January 21, 2020
A love letter to and–at times–near facsimile of a Pokémon RPG, temtem is a challenging reprieve from the child-ridden fields of the Wild Area. Let me start by saying that comparatively to Pokémon–which is the theme of this review, and the game, for that matter–this game is extremely challenging, and does not seem to let up. 12 hours in and I feel like I have been grinding in the most Korean of MMORPGs, yet all I see are temtem.
Temtem is the name for the Pokémon-like creatures that you encounter in your journey throughout…Temlandia (Omninesia and other similarly forgettable names).
To be fair, the map is unlabeled and very basic, so it’s difficult to remember the names of anywhere in the temtem world without the interactive map some players so graciously made. The game warns you: this is NOT a finished game! Well, some things should have been finished before early access release, such as the map. Perhaps its intended to be the most basic line drawing with no labels, perhaps.
Similarities to what? Pokémon, of course! What else? The game that temtem was completely designed after. The game’s designers obviously are fans, and also obviously had some beef with how the franchise has evolved over the years, as there are many things about temtem that are exact copies, such as creature evolution (it’s actually called evolution) and “special” attacks and defense skills. Even the game’s progression is similar, sending you from town-to-town on quests, defeating the heads of each city’s dojo (instead of gyms). I could go on about the games’ similarities, but its differences are much more noteworthy.
As far as gameplay differences, your temtem’s skills do not have any PP, but instead use stamina as a similar mechanic. Over 12 hours into playing, and I still have not mastered this aspect of temtem matches. It is certainly one of the more challenging mechanics, the most challenging being the simple fact that typology (e.g. water-type moves being strong against fire-type creatures, etc.) matters much more than level, and that brute force does not become an option if the type you are using is not neutral strength at minimum or strong against the type you are facing, and is not weak to it either. This is a significant difference in comparison to Pokémon, where typology has mattered less in recent iterations and brute force allows you to essentially push your way through most early gym encounters. This is distinctly different in temtem, where it took me three tries to beat the first ‘dojo,’ and the difficulty level of my encounters has not gotten any easier since.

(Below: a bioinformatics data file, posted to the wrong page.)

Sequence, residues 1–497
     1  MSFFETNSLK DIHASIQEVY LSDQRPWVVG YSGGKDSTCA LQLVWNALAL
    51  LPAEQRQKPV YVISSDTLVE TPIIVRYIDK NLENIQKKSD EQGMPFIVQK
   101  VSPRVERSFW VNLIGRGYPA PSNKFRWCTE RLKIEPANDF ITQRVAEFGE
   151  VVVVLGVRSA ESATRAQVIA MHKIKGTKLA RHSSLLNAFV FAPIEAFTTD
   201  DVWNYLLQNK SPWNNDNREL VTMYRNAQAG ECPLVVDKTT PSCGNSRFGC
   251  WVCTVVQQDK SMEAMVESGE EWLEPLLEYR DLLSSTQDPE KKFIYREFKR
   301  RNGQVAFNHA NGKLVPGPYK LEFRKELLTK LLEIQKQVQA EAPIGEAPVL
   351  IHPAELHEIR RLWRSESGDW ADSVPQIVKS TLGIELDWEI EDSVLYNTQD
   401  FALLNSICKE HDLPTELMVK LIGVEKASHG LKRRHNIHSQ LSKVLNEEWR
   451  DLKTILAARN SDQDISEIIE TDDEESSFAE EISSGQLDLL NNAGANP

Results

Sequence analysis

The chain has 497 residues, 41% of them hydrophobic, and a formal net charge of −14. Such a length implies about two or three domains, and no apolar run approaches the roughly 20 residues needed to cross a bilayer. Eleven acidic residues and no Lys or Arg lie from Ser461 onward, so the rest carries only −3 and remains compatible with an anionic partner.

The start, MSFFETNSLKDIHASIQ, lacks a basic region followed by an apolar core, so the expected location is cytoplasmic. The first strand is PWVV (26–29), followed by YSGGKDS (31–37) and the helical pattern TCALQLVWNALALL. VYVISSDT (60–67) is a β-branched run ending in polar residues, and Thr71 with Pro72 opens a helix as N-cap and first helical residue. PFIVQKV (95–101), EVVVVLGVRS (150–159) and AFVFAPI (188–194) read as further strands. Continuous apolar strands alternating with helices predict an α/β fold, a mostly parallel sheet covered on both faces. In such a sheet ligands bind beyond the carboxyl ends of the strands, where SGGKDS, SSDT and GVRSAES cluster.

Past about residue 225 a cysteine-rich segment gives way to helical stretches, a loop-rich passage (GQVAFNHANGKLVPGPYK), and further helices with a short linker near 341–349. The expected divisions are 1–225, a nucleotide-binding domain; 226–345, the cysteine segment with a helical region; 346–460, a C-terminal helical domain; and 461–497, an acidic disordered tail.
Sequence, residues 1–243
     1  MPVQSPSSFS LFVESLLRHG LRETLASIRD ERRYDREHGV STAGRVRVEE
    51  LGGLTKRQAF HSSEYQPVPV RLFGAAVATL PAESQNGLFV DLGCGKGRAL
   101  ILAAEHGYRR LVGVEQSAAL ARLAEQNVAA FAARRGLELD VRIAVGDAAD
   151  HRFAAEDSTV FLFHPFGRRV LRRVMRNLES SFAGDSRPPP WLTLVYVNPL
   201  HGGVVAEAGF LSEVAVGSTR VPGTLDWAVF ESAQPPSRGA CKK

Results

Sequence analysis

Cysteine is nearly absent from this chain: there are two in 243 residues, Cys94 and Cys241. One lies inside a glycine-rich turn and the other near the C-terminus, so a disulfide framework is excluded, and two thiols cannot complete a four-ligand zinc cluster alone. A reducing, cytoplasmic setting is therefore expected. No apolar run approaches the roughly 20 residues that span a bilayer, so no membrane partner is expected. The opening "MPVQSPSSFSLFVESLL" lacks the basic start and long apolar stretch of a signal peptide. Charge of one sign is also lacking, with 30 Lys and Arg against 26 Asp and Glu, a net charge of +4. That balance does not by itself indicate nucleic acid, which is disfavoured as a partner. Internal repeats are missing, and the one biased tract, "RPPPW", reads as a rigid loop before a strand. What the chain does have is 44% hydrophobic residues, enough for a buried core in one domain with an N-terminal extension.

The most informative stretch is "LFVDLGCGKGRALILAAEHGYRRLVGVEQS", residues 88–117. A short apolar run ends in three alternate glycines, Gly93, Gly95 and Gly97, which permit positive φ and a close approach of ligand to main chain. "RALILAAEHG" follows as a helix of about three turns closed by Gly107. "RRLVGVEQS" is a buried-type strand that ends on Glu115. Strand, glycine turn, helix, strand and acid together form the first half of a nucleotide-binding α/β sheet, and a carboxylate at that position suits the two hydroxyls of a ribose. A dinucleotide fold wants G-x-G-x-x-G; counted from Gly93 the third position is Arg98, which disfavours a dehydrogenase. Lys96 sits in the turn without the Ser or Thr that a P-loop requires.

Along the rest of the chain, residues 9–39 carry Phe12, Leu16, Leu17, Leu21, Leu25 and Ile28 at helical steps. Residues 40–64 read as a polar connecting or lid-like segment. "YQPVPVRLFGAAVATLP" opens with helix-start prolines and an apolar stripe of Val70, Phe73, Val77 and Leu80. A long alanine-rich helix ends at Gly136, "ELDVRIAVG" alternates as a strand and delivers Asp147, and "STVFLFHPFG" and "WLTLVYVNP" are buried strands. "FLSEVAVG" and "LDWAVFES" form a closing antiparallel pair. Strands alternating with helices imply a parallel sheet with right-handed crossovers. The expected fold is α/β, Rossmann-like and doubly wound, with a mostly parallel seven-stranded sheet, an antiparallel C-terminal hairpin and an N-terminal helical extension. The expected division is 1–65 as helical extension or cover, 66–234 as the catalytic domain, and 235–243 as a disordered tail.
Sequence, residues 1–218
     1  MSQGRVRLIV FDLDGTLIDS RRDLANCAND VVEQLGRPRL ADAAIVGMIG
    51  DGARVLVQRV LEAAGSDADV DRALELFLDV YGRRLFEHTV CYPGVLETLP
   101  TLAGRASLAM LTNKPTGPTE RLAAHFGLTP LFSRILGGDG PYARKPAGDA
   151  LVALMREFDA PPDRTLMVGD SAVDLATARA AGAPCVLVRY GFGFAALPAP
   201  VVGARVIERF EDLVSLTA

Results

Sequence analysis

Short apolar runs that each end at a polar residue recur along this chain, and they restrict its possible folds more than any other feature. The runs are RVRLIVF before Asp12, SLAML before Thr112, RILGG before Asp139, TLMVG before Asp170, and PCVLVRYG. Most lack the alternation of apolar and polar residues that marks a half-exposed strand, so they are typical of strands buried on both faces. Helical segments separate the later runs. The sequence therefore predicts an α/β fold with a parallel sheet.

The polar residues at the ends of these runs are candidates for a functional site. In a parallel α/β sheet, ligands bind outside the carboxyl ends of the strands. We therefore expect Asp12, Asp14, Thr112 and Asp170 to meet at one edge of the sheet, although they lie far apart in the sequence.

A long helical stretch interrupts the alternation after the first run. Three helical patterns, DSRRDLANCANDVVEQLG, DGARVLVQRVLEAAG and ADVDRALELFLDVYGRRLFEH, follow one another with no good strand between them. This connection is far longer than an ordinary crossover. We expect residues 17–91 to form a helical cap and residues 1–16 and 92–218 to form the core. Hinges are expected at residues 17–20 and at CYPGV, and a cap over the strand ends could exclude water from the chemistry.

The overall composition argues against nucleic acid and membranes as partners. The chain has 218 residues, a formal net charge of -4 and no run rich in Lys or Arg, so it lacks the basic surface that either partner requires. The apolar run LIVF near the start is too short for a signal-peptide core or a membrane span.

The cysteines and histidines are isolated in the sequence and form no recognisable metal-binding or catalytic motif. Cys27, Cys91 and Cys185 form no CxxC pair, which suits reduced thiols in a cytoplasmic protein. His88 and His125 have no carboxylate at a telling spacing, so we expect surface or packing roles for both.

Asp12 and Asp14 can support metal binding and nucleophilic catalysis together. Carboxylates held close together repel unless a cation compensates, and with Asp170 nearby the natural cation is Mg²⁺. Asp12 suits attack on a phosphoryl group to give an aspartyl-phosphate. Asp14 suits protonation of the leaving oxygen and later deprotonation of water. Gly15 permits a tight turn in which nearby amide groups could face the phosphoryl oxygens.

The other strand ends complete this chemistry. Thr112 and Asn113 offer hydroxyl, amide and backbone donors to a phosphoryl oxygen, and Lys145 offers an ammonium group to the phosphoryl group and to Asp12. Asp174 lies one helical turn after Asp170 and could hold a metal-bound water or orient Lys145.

Another interesting difference is small quality-of-life type features, such as the ability to reorder my party on the fly as long as I’m not actively in an encounter. Another notable boon is the Temessence phial, an item which is refilled at every Temporium (Pokécenter) that essentially resets your entire party to full health and stamina which becomes very useful as you progress into areas with no Temporium. Unlike Pokémon, the game does not shower you with potions initially, and instead expects you figure out typology right from the start, and use it fairly effectively, too.
As far as general game design, one of the more noteworthy differences, at least in my opinion, is actually quite subtle. Instead of all the temtem being given Japanese names like Pokémon have, a lot of the temtem names derive from Spanish, such as Paharo (a bird temtem, based off the Spanish word for bird, ‘pájaro’). This is because the developer is Crema, a Spanish game studio. They did a pretty interesting AMA on Reddit about 7 months ago you can read here.
The most negative difference I have encountered, and this is comparative, is that temtem is extremely grindy when considering more recent Pokémon titles. I have spent nearly half my time so far in-game just trying to level my poor temtem which seem to die much faster than even the wild ones I encounter (like I said, the game is not forgiving even from the beginning). This creates a bit of boring gameplay and, honestly, makes me not able to sit down and play it for long periods at a time.
Don’t ask me about end game potential, because I am not able to put in the hours this week required to do so (upward of 50+ according to friends who have played more than I have), but I’m hoping the MMO aspect of temtem becomes important at that point, because up until that point you have zero interaction with the other players running around you throughout the world. You are unable to talk to them, only emote, and the MMO aspect seems to be merely a selling point–at least from the perspective of someone who hasn’t finished the game yet.
Overall, I think temtem deserves a play for anyone who is a Pokémon fan, no questions asked. However, players need to be aware that it will not be an exact walk in the park like they are used to, and that lots of time and effort will need to go in to making your temtem team strong and ready to “temtem up!”
- Great creature design
- Love letter to Pokémon
- Fairly flushed out for early access
- Challenging gameplay
- Map needs labels
- Extremely grindy
- Not a lot of temtem to choose from in early game